The fact is, physics can neither establish nor disprove the nature or existence of God…and personally, I’m more than happy to keep such a boundary in place. The nature of faith, after all, is not rooted in physics or “evidence,” but rather in the existential, trans-experiential committing of oneself to the call of God over and against human rationality. The moment that we feel we can root the reasonableness of faith in evidence or physics is the very moment that we have lost the plot, so to speak.

    • I don’t think we’re on the same page, exactly. What I meant by that statement was that because the material world is governed by comprehensible, consistent, mathematical laws, we can infer that the creative agent responsible for the material world and its laws is a rational being. There is no reason that multiple systems of mathematics should map onto the material world so perfectly–unless a rational being designed it to be so. I believe that the creation can indeed reflect truths of this type about the creator.

      I’m an evidentialist, but my faith is not “rooted” in evidence. However (and I already know you disagree with this) I do think that the evidence available to us can contribute to our knowledge of God’s attributes. I believe this is a manifestation of His benevolence toward mankind.

    • @Melissa: Although I agree that evidence has a place, I probably have less faith in its power than you do. I am Reformed in my theology and presuppositional (i.e. Reformed) in apologetics.

    • @Henry: I’m very sympathetic to presuppositional apologetics. In my graduate program, we are taught both angles. As a matter of fact, my current class (Essential Christian Doctrine) is taught by an excellent professor who holds to Reformed theology.

    • Nice. What have you read in presuppostional apologetics? I think I recommended a while back that you read “The Ultimate Proof of Creation” by Jason Lisle of Answers in Genesis. It is a helpful primer on the presuppositional approach (specifically influenced by Greg Bahnsen) with application to the origins question. One nice thing about that book is that it includes real emails sent to AIG with Lisle’s responses so that you can practice applying what you learn in the book. I learned of this book from a friend at a local creationism ministry who attended Lisle’s Ultimate Apologetics lectures.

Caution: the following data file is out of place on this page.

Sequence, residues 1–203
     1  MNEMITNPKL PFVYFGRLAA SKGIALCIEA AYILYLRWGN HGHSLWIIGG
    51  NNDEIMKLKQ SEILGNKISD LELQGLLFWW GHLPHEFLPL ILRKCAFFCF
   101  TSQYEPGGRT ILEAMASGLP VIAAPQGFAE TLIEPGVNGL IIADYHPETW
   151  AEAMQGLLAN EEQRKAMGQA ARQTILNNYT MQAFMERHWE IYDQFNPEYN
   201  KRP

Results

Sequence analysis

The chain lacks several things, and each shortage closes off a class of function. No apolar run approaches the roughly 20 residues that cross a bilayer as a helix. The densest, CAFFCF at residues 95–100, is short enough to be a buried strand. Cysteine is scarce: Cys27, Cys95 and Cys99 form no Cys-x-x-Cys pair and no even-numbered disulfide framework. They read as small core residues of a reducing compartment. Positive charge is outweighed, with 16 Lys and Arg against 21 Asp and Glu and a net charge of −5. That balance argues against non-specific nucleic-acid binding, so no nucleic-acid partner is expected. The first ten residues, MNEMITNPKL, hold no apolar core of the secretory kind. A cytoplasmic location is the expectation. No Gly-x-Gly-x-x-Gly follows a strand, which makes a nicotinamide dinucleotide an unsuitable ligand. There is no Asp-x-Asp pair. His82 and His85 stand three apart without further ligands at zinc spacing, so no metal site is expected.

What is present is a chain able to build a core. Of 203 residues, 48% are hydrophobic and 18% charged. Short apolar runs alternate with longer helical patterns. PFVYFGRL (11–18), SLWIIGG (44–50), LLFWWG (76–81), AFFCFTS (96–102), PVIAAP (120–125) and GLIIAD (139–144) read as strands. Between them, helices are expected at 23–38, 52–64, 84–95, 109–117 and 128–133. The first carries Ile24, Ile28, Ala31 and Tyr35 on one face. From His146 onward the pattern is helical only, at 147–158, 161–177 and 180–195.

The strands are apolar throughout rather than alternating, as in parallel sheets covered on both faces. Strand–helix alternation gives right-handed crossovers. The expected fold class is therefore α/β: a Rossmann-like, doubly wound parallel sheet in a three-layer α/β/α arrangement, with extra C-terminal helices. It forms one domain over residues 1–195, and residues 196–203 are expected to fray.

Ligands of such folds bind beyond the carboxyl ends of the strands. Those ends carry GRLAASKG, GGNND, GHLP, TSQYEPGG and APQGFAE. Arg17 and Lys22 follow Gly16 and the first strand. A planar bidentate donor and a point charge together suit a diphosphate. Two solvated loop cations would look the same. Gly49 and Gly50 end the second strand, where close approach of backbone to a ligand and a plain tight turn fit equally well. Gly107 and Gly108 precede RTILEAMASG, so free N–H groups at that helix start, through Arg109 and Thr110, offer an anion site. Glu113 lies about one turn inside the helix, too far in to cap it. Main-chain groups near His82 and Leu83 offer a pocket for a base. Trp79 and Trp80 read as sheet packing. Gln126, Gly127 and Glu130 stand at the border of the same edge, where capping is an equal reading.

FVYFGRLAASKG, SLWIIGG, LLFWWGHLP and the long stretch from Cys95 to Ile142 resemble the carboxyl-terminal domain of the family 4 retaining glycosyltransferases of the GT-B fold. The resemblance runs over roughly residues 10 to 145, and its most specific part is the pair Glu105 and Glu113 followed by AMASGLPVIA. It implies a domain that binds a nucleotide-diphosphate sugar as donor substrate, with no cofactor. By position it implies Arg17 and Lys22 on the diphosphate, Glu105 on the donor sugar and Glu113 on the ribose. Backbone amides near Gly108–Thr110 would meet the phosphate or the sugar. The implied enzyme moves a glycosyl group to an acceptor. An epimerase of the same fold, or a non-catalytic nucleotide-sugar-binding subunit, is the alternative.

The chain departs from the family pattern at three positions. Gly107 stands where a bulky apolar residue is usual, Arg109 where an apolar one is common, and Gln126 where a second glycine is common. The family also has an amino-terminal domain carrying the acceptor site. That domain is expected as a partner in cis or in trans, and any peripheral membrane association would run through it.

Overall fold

James White is a great example of a current apologist who follows the presuppositional approach.

    • Between 2001 and 2008, I read a great deal of material from AiG. I have not read the Lisle book you’ve recommended, though. I have some of his lectures on DVD. I’m not committed to YEC or OEC, but I’m doing a lot of exploring in the OEC area right now. I would be interested to hear your thoughts on your position.

    • My main issue with OEC is the problem it creates for the representative headship of Adam, which is the basis of the representative role of Christ. I consider OEC proponents fellow believers, but I do not think they have fully thought through the implications.

      I wrote this article for a local creationism ministry in which I address logic from a presuppositional perspective. I apply Lisle’s book.

    • Thanks for the link to your article. I just downloaded a copy. If I have questions about it, is it okay for me to email you at the address that shows up on my blog dashboard?

  4. @Henry–I’m not sure I see the Pauline author making an argument “for design.” The writer’s point is that sinfulness has poisoned the entire orientation of humanity so that even in the things in which they should find wonder and awe (e.g., the creation), they rather find something of which they can make another idol to the idol of self-willing.

    As the author clearly states, it is the nature of God which is revealed in creation, not the other way around. The author’s intention is not to argue for “design” in creation; but rather that the sinful mind of humanity finds itself increasingly and overwhelming incapable of acknowledging God in any aspect of the reality which it seeks to recreate for itself.

    Another thing that’s interesting here is that the author pretty clearly acknowledges that any thing of God that one might find in creation is in direct proportion to one’s orientation to the creator. That is, it is the interplay of a right orientation to God and a participation in creation which unveils the nature of God who is ultimately the artificer of it. But what is strikingly absent is the creationists’ assertions that such conclusions are self-evident on the basis of their natural phenomenon, rather than on the basis of the observer’s relatedness to the Creator.

    And of course, there is nothing in these texts which suggests any particular *mechanism* for creation, which makes them fundamentally poor choices for proof-texts to begin with.

  5. I was not saying that Paul was arguing for design. He isn’t. I was responding to what appears to be a rejection of considering evidences for the existence of God, such as in your statement: “After all, if we are able to point to ‘this’ or ‘that’ as evidences of God in creation, we have started down the path of making God look a whole lot like ourselves.” If I have misinterpreted you, then please tell me.

    While I support pointing to evidences of God, evidence alone will not convince someone. Someone who refuses to believe will not be convinced by any evidence (Luke 16:31). An unbeliever is dead (Eph 2) and blinded (2 Cor 4:4) in sin and cannot believe without the work of the Holy Spirit (John 6).